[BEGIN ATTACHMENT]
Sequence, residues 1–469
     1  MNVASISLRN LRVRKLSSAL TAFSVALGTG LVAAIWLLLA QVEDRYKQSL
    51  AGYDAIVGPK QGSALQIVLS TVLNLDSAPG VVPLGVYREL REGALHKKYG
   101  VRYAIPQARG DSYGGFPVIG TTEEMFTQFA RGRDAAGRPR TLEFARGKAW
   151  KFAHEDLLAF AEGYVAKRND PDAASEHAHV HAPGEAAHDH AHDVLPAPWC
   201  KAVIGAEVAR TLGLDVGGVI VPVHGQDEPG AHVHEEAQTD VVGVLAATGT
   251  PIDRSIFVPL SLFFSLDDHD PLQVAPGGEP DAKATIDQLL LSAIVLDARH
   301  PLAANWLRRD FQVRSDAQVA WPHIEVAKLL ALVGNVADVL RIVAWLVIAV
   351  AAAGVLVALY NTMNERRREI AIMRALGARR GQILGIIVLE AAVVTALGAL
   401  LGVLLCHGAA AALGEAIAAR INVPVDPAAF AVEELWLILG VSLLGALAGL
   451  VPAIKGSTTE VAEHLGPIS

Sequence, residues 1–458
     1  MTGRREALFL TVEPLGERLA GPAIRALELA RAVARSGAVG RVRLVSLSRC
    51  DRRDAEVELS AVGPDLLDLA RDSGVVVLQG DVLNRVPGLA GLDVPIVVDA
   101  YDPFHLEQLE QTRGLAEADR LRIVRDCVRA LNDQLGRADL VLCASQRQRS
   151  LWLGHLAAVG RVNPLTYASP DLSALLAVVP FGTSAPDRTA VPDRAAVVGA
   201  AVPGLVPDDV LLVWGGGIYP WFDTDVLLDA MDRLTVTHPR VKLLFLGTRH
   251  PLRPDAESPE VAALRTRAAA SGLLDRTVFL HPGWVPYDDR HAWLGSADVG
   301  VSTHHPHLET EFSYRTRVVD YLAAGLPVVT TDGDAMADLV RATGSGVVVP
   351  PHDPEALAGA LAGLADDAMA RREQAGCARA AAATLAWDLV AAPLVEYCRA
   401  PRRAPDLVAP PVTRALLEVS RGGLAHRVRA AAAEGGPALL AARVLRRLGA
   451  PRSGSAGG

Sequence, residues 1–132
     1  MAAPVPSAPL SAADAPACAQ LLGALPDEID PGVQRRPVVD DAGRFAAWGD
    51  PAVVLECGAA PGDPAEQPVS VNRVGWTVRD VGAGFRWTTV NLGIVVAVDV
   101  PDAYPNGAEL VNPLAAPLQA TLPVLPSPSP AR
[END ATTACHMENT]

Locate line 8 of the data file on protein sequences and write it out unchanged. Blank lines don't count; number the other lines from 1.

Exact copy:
   301  PLAANWLRRD FQVRSDAQVA WPHIEVAKLL ALVGNVADVL RIVAWLVIAV